ACAP advice for reducing the impact of pelagic longline fishing operations on seabirds

Citation
ACAP (2018) ACAP advice for reducing the impact of pelagic longline fishing operations on seabirds. In: WCPFC Scientific Committee 14th Regular Session. WCPFC-SC14-2018/ EB-WP-13, Busan, Republic of Korea
Abstract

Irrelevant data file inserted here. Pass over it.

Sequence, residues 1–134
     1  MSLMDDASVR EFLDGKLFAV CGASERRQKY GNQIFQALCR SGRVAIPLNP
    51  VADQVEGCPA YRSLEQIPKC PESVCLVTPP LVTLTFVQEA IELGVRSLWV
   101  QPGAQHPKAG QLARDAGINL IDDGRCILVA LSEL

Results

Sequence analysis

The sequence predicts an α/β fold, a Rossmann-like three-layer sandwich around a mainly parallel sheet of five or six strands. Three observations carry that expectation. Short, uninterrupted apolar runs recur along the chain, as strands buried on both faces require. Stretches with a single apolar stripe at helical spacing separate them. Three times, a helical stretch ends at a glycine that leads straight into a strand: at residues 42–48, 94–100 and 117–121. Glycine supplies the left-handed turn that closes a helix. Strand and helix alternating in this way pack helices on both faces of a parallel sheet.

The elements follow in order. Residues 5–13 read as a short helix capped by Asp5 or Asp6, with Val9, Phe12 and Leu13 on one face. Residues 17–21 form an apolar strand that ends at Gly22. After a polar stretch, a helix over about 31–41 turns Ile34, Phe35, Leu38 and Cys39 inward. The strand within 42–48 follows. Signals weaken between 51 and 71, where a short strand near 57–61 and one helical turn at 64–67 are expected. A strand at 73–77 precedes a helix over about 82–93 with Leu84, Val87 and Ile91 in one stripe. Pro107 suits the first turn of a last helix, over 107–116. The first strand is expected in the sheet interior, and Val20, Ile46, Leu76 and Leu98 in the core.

The incidental mortality of seabirds, mostly albatrosses and petrels, in longline fisheries continues to be a serious global concern and was the major reason for the establishment of the Agreement on the Conservation of Albatrosses and Petrels (ACAP). ACAP routinely reviews the scientific literature regarding seabird bycatch mitigation in fisheries, and on the basis of these reviews updates its best practice advice. The most recent review was conducted in September 2017 during the Eighth Meeting of the ACAP Seabird Bycatch Working Group. This document presents the outcome of that review and the summary advice pertaining to best practice measures for mitigating seabird bycatch in pelagic longline fisheries. Based on its most recent review, ACAP has confirmed that the combined use of weighted branch lines, bird scaring lines and night setting remains the best practice approach to mitigate seabird bycatch in pelagic longline fisheries. In addition, ACAP has since 2016 also endorsed the inclusion of hook-shielding devices in the suite of best practice mitigation measures. These devices encase the point and barb of baited hooks until a prescribed depth or immersion time has been reached (set to correspond to a depth beyond the diving range of most seabirds) thus preventing seabirds gaining access to the hooks and becoming caught during line setting. A set of performance criteria have been developed to assess whether candidate hook-shielding devices are considered best practice. On the basis of the September 2017 review, the only additional update to the ACAP best practice advice for reducing bycatch of seabirds in pelagic longline fisheries relates to recommendations concerning the aerial extent, streamer line configuration, and attachment height of bird scaring lines for small (